Amy King, China-Japan Relations after World War Two: Empire, Industry and War, 1949–1971 (Cambridge University Press, 2016)
A rich empirical account of China’s foreign economic policy towards Japan after World War Two, drawing on hundreds of recently declassified Chinese sources. Amy King offers an innovative conceptual framework for the role of ideas in shaping foreign policy, and examines how China’s Communist leaders conceived of Japan after the war. The book shows how Japan became China’s most important economic partner in 1971, despite the recent history of war and the ongoing Cold War divide between the two countries. It explains that China’s Communist leaders saw Japan as a symbol of a modern, industrialised nation, and Japanese goods, technology and expertise as crucial in strengthening China’s economy and military. For China and Japan, the years between 1949 and 1971 were not simply a moment disrupted by the Cold War, but rather an important moment of non-Western modernisation stemming from the legacy of Japanese empire, industry and war in China.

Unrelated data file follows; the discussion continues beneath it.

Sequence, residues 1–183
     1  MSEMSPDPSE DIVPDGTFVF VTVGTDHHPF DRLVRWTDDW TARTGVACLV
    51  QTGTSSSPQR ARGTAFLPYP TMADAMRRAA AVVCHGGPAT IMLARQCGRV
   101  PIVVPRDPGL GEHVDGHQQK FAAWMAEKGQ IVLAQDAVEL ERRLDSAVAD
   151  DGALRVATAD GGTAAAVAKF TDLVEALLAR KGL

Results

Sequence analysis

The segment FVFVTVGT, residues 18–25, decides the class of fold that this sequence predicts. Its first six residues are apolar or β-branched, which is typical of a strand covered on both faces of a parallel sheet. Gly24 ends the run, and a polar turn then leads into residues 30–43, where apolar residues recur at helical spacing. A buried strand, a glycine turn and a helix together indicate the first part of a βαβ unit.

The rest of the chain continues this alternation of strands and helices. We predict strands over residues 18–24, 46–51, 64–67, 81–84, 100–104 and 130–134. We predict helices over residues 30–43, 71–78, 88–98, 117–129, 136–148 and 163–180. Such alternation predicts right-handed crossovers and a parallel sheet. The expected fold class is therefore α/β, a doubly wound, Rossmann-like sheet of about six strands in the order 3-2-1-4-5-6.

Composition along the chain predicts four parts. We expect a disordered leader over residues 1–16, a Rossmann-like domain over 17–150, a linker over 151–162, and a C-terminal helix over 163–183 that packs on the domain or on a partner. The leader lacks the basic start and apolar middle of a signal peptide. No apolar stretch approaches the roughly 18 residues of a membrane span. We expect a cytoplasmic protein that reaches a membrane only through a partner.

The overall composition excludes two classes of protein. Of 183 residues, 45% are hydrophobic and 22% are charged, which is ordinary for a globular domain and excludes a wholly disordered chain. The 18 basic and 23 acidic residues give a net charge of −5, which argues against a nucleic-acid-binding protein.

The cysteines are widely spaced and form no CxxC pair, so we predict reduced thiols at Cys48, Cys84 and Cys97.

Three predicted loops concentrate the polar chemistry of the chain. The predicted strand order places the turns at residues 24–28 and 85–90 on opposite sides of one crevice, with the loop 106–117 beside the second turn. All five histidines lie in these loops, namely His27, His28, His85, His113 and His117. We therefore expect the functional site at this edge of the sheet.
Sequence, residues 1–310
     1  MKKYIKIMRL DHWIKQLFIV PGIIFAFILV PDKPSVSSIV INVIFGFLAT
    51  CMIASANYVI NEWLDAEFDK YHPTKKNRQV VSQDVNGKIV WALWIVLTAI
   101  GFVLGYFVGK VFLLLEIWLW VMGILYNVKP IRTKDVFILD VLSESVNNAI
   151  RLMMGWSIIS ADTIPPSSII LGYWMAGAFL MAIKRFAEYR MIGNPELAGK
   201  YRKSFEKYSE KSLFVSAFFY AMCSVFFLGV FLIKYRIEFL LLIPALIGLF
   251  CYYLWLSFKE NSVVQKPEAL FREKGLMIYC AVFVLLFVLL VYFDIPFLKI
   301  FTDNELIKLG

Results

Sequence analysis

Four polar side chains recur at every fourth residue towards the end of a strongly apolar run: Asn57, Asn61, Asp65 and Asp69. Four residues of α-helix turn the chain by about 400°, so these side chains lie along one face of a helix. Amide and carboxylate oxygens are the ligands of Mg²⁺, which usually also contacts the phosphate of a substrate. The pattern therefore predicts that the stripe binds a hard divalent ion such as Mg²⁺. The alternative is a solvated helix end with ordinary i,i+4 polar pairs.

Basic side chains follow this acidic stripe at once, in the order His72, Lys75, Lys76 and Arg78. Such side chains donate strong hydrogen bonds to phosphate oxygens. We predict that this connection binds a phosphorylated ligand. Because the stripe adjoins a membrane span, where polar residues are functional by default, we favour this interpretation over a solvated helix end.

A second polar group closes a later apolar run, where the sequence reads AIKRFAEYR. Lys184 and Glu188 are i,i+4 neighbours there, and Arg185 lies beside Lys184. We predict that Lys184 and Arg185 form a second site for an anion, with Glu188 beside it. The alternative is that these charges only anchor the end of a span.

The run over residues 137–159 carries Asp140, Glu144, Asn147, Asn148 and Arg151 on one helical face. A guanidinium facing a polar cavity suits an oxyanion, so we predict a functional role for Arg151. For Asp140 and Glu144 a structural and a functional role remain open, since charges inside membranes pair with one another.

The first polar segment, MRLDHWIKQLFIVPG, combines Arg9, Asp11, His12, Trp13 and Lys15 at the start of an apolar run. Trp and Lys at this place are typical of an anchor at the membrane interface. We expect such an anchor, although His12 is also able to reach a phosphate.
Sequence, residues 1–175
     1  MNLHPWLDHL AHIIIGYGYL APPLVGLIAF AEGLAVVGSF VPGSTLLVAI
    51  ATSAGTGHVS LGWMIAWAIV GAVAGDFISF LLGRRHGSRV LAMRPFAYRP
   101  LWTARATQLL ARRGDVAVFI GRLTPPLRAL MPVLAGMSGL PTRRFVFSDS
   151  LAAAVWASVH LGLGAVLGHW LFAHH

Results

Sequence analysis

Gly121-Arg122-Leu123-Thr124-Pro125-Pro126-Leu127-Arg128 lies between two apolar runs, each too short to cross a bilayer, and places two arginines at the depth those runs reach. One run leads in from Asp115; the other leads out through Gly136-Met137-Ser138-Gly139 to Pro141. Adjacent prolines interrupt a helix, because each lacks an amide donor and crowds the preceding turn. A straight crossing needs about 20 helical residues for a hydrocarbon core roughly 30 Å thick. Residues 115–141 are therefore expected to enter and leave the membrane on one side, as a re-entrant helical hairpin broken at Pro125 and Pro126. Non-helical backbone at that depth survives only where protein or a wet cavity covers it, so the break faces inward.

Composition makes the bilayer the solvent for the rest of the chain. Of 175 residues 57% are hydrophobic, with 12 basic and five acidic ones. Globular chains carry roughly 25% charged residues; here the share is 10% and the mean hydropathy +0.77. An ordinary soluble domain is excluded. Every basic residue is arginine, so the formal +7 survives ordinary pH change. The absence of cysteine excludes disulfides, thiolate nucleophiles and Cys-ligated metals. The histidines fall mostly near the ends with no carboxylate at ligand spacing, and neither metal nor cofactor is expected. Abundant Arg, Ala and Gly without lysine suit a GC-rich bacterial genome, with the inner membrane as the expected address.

1. Introduction; 2. Empire, industry and war in the China-Japan relationship; 3. Trading with the enemy, 1949–52; 4. Revolution through industrialisation, 1953–7; 5. When ideas collide, 1958–July 1960; 6. Comparing ourselves with Japan, August 1960–5; Conclusion: on the eve of diplomatic normalisation, 1966–71; Appendix; Note on sources; Bibliography; Index.